While that’s a difference of $0.25, over time, you’d make much more. For example, in 10 years with compounding interest, you’d make $5,525.25. You’ve added more than 10% to the value of your investment. If you invest more each month, you can grow your savings for retirement, emergencies or other needs. Because of compounding interest, a small increase or decrease in interest rates can make a big difference over time. That’s one reason to consider savings accounts with online banks compared to traditional banks. Big traditional banks have to pay for overhead like branch buildings. Online banks can pass on the savings from overhead to customers.
Money Money Accounts
Interest rates for money market accounts work similarly. A money market account is a savings account that earns interest. The bank may then loan out that money to other people. The bank charges those they lend money to a higher interest rate than what they’re paying you, so the bank makes money. Interest on money market accounts is typically compounded daily and may be paid monthly. Typically, you can get higher interest rates on a money market account when you put in higher amounts of money.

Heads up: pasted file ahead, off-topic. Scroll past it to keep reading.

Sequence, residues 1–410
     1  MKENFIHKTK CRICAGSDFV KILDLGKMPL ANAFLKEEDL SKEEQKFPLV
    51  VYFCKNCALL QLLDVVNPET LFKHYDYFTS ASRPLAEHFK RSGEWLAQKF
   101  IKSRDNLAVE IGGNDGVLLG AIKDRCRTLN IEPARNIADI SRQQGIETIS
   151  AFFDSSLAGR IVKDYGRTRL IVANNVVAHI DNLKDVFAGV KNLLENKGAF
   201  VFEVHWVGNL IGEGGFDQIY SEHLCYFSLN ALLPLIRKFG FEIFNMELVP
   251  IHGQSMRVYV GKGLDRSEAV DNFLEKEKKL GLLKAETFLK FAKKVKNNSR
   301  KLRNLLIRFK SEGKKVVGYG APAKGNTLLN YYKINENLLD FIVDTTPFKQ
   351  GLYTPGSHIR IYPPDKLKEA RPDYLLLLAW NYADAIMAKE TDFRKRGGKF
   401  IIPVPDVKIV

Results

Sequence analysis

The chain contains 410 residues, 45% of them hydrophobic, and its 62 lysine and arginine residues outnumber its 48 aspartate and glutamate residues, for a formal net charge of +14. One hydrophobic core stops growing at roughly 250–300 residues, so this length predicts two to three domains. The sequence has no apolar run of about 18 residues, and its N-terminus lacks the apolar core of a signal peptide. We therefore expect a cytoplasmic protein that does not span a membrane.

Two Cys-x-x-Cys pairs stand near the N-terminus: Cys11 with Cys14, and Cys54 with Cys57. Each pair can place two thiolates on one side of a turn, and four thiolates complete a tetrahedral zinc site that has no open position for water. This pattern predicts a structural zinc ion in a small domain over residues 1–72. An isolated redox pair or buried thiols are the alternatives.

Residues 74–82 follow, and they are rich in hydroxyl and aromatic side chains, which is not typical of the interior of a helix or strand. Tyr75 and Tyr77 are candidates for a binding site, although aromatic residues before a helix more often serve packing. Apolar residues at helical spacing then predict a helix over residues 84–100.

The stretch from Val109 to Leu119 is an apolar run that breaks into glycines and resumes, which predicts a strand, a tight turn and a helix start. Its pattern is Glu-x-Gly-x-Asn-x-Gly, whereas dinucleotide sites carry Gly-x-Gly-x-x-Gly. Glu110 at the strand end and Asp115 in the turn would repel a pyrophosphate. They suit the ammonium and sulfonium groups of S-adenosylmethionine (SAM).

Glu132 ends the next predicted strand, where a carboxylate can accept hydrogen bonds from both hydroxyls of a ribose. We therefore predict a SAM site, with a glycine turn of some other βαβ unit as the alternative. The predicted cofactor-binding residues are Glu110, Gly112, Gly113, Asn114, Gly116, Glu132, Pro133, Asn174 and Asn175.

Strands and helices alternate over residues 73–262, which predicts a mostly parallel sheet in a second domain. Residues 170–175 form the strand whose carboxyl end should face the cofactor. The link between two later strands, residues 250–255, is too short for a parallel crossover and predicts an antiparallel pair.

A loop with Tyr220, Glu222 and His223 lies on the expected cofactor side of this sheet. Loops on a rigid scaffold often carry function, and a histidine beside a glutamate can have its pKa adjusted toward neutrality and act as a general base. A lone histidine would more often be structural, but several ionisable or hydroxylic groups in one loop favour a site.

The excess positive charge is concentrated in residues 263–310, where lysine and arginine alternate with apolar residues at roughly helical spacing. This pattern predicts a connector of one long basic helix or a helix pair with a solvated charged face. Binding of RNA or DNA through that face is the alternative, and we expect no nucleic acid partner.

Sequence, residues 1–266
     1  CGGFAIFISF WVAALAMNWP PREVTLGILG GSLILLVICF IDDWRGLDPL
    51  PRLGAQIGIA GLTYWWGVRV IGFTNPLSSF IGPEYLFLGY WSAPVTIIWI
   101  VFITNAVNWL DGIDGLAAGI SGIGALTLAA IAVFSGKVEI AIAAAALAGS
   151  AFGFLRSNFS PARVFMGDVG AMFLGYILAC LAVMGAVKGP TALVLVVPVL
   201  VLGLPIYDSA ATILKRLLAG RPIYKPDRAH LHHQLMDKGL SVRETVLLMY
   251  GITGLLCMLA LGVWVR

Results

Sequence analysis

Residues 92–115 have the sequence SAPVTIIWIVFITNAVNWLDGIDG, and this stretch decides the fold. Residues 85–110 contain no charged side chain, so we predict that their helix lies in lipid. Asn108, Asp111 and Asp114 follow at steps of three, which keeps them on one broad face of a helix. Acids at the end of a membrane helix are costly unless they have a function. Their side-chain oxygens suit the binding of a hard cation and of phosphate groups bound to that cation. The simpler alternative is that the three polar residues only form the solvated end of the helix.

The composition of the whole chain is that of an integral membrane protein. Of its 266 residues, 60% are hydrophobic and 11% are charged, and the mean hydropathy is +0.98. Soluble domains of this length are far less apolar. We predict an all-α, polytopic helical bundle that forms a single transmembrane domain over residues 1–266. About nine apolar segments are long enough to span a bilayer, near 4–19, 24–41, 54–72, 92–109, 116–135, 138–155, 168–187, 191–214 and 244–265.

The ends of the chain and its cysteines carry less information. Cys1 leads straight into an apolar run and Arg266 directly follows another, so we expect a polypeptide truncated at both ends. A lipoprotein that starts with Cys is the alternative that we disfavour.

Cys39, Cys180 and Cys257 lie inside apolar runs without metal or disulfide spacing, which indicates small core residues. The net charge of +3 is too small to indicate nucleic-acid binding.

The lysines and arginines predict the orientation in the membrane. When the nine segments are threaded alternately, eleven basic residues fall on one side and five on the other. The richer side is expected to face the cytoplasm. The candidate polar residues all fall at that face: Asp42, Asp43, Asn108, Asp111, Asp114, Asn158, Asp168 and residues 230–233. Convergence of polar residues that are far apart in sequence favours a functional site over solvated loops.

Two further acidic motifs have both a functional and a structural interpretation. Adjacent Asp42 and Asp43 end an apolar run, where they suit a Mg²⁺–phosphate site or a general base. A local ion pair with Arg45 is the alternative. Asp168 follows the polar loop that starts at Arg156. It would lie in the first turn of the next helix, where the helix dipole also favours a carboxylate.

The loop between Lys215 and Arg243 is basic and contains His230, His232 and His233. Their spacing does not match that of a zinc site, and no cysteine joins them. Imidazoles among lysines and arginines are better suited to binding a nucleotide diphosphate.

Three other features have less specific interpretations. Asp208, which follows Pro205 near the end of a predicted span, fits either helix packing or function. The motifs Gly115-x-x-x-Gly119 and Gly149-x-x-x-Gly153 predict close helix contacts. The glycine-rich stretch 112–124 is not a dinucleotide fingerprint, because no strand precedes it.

Certificates of deposit (CDs) also feature interest-earning capabilities. CDs usually have higher interest rates than savings accounts because you’re expected to keep your money in the CD for a fixed period of time. After the fixed term is over, you get your principal plus interest earned back. CDs usually have early withdrawal penalties. You want to make sure you can keep your hands off whatever you put into a CD. Longer terms and higher deposit amounts can typically result in a higher interest rate and APY.
Loan Interest Rates
With loans, typically the higher the risk of the loan, the higher the interest rate will be. A loan that the lender considers low risk will usually have a lower interest rate.
Consumer loans typically use an APR. This means that interest does not compound. The interest rate is a flat rate for the life of the loan. Borrowers pay back interest on the initial loan amount, usually divided by and tacked on to loan payments.